From: Ben Goertzel (firstname.lastname@example.org)
Date: Sat Jan 15 2005 - 11:54:45 MST
> Ben Goertzel wrote:
> > About philosophy of mind: I agree somewhat with your criticism. My own
> > approach to AI is founded on years of thinking I did about the
> philosophy of
> > mind, as well as more scientific considerations. I think that Eliezer's
> > work could use a little more depth in this area.
> I also did years of thinking on philosophy of mind when I was a teenager.
> It's a good thing I didn't spend much time embarassing myself by
> writing it
> up, or at least that I didn't publish.
I'm not sure whether you're saying
a) that writing down and publishing thoughts on the philosophy of mind is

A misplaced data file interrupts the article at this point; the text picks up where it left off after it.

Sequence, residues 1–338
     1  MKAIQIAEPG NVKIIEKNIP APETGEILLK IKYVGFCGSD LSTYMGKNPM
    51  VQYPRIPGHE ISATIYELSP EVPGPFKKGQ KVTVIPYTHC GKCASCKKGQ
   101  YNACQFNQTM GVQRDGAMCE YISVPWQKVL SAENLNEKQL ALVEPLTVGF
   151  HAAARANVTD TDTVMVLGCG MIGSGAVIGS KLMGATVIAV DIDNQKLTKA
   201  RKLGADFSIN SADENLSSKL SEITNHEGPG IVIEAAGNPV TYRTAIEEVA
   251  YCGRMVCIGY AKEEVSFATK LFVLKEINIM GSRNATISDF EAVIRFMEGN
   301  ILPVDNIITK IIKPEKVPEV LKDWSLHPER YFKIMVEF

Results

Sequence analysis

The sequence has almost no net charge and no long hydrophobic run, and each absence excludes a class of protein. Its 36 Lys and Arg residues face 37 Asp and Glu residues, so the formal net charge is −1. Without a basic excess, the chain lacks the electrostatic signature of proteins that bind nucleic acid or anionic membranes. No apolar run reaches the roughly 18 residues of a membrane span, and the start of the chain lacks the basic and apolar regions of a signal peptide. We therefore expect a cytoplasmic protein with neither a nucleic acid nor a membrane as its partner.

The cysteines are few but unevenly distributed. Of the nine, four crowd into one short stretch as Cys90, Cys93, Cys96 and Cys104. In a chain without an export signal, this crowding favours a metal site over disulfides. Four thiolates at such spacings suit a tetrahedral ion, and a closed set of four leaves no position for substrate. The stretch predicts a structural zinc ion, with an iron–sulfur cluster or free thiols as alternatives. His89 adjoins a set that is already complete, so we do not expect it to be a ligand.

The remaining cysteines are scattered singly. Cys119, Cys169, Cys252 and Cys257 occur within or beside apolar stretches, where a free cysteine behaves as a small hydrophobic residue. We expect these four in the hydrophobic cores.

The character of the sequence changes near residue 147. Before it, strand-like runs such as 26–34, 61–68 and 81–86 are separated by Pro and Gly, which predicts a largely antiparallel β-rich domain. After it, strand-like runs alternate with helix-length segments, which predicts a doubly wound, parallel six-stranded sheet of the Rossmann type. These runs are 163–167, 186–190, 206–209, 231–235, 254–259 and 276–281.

b) that YOUR particular thoughts about philosophy of mind were such that it
would have been embarrassing for you to write them down and publish them
If it's a, then I disagree. I think that when a science is at a
foundational phase, philosophy has a lot to offer it. Philosophy and
physics were more intertwined when modern physics was just starting out --
e.g. Ernst Mach, Niels Bohr did some serious philosophical writing in
parallel with their scientific work, and there wasn't always a rigid
boundary between the two. Going back to Leibniz this is even more clear.
The more mature a science is, the less need it has for philosophy, it would
seem. Philosophy, among other purposes, helps to point the way for
science -- but a mature science already knows which way it's going. I don't
think cognitive science or AI are all that mature yet.
If it's b, then I guess you'd know better than me...
-- Ben G
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